LANGHAM, Sask. — Mechanical mulching with a flailing implement is one way to deal with crop residue that hasn’t yet received much attention in Western Canada.
Waldemar Heidebrecht of Prairie AgriSales in Lowe Farm, Man., wants to change that.
He has begun importing the German-built Muthing flail mulcher, a 23-foot wide implement that uses dozens of three-pound flails to beat biomass into submission.
Centrifugal force of the spinning shaft causes the hinged flails to fly out into the working position.
“The flail shaft turns at 1,000 r.p.m., so the material gets plenty of action, but the flails do not penetrate the soil. At their lowest setting, they simply skim the surface. You can adjust from one inch above the ground up to five inches above the ground,” Heidebrecht said.
“It’s good for corn growers with the B.t. stalks. It does a perfect job on the stalks. It opens the corn stalks and busts them up so it takes away the chance of getting the corn beetle. The stalk decomposes right away. It’s not laying there for many years. Of course, it doesn’t touch the root ball.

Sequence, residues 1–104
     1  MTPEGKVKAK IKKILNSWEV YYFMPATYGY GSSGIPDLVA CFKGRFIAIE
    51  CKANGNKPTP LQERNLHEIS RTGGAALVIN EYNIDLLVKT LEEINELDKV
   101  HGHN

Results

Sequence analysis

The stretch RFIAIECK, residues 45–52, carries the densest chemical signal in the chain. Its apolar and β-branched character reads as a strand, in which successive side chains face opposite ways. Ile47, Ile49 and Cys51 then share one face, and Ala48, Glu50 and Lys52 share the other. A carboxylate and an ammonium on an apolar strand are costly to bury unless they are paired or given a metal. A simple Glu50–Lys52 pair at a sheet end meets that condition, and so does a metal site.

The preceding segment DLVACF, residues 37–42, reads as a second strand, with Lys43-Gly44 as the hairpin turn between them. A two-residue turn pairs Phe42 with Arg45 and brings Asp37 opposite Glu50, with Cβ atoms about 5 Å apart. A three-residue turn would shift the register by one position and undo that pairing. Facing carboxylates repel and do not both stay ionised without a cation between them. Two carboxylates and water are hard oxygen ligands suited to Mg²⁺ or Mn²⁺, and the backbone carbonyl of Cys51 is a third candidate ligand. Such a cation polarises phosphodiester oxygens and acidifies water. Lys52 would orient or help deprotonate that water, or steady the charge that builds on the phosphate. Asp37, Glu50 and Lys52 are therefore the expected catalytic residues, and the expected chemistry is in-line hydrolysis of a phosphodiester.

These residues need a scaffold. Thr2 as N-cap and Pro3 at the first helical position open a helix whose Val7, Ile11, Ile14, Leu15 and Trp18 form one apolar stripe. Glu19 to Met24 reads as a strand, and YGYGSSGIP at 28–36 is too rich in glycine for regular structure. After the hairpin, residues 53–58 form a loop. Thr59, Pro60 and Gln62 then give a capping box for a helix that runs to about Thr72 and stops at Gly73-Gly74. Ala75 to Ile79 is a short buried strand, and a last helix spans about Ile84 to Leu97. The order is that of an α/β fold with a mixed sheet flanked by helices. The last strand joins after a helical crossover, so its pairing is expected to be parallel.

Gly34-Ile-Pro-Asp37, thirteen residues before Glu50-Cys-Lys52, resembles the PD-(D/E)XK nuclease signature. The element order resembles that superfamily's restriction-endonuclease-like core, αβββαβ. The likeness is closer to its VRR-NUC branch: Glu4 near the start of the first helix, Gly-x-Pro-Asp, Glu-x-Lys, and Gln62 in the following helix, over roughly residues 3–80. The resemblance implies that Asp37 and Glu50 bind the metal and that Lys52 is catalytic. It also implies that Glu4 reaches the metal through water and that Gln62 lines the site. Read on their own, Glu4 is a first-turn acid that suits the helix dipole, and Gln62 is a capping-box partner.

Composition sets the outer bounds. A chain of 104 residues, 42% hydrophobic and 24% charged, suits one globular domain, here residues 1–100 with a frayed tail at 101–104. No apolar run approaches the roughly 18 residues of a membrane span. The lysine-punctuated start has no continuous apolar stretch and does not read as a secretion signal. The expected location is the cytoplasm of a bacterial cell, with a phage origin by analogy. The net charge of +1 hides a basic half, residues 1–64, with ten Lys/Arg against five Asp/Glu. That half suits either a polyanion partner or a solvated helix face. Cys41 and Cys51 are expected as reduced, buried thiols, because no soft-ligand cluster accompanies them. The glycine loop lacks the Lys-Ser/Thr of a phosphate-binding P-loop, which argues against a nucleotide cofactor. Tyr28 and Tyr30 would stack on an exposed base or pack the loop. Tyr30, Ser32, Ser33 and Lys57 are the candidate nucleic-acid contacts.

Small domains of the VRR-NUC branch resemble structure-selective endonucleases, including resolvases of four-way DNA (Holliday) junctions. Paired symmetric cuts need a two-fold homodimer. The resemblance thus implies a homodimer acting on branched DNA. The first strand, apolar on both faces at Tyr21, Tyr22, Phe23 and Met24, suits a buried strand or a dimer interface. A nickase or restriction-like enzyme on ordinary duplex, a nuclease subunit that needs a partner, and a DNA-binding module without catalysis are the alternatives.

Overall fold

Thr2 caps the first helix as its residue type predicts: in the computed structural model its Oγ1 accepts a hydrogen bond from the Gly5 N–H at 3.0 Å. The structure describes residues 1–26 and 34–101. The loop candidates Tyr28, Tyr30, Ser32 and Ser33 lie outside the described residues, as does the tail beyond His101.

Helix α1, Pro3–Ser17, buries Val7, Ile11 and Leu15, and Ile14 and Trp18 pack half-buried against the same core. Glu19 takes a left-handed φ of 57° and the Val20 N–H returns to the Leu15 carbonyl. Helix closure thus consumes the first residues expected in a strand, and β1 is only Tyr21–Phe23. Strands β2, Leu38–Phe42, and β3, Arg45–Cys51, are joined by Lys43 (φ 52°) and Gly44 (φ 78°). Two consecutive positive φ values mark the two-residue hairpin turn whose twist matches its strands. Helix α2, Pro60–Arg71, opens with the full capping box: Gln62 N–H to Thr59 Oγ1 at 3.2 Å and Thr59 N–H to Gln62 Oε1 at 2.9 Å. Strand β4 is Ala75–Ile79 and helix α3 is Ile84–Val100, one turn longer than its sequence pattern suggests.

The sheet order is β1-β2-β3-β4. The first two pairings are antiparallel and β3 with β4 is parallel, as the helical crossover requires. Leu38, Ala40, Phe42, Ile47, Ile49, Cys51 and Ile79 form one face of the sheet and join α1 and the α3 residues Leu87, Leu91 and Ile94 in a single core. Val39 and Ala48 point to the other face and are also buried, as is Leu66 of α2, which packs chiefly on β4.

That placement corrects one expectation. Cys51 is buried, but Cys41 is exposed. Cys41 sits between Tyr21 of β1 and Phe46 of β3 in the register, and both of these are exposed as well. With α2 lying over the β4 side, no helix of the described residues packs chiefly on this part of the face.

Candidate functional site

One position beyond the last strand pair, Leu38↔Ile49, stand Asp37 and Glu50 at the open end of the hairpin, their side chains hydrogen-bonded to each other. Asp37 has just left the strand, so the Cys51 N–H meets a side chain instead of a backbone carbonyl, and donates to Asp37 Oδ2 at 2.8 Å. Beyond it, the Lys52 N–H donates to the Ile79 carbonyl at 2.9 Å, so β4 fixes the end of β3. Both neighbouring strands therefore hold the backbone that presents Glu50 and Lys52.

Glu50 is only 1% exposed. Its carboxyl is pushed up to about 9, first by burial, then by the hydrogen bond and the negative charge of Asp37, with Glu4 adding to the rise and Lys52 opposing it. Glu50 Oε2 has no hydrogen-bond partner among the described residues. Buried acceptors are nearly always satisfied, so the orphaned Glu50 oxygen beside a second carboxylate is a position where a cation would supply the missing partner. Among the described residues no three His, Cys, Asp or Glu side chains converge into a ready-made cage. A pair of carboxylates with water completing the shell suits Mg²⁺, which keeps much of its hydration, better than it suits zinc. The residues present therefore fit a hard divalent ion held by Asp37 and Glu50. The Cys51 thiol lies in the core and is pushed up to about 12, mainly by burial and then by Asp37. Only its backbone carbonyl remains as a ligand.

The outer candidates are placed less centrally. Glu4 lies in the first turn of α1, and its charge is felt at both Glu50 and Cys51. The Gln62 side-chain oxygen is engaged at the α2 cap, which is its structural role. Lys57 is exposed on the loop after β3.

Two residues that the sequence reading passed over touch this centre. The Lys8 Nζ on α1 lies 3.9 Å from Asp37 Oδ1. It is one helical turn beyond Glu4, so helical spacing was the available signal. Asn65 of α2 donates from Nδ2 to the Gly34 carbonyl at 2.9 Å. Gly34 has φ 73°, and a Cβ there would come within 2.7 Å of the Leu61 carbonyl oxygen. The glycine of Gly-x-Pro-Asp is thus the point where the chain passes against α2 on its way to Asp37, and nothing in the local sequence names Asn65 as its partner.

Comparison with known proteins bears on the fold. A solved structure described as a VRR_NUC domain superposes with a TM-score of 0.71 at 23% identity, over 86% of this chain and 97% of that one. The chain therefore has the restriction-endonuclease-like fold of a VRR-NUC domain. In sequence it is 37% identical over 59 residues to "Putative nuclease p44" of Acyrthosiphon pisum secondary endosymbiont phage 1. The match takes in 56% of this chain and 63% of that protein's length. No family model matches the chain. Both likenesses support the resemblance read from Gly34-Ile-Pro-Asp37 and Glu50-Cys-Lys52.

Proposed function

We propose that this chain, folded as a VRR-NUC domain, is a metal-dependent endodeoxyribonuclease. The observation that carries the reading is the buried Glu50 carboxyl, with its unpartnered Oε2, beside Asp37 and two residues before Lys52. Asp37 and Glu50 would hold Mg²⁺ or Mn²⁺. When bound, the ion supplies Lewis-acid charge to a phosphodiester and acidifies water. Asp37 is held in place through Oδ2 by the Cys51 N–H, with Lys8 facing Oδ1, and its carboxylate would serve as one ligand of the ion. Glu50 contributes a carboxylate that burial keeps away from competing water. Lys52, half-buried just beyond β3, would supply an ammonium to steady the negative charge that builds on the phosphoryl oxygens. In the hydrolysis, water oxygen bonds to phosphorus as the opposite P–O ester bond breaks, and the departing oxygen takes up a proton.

“The higher settings for mulching are pretty welcomed by the organic farmers. The normal farmers want a shorter residue. They want to chop it down to pieces one inch long.”
The mulcher uses a three-point hitch and 1000 r.p.m. power take-off to run the flail motor. Power requirements are 250 to 350 horsepower.
Heidebrecht said it’s easy to go from field mode to transit mode because the mulcher is designed for Europe.
“Ground speed is from two m.p.h. to nine m.p.h.,” he said.
“The slower you go, the longer the material stays in the machine. If you go slow, you can mulch really heavy high residue. The machine actually makes a vacuum to bring the material up into the flails.”